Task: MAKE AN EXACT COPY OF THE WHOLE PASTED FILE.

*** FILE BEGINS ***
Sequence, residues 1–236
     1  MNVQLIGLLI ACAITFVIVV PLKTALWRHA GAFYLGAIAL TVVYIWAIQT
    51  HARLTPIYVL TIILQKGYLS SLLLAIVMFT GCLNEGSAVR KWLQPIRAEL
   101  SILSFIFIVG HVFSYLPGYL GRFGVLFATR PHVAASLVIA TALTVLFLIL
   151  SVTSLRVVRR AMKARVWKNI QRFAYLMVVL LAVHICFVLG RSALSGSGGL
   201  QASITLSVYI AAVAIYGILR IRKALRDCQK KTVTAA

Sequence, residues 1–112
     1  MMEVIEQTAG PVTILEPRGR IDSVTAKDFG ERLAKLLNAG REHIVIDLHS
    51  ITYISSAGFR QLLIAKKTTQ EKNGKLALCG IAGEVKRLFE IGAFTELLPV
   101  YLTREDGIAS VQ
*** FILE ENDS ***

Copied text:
Sequence, residues 1–236
     1  MNVQLIGLLI ACAITFVIVV PLKTALWRHA GAFYLGAIAL TVVYIWAIQT
    51  HARLTPIYVL TIILQKGYLS SLLLAIVMFT GCLNEGSAVR KWLQPIRAEL
   101  SILSFIFIVG HVFSYLPGYL GRFGVLFATR PHVAASLVIA TALTVLFLIL
   151  SVTSLRVVRR AMKARVWKNI QRFAYLMVVL LAVHICFVLG RSALSGSGGL
   201  QASITLSVYI AAVAIYGILR IRKALRDCQK KTVTAA

Sequence, residues 1–112
     1  MMEVIEQTAG PVTILEPRGR IDSVTAKDFG ERLAKLLNAG REHIVIDLHS
    51  ITYISSAGFR QLLIAKKTTQ EKNGKLALCG IAGEVKRLFE IGAFTELLPV
   101  YLTREDGIAS VQ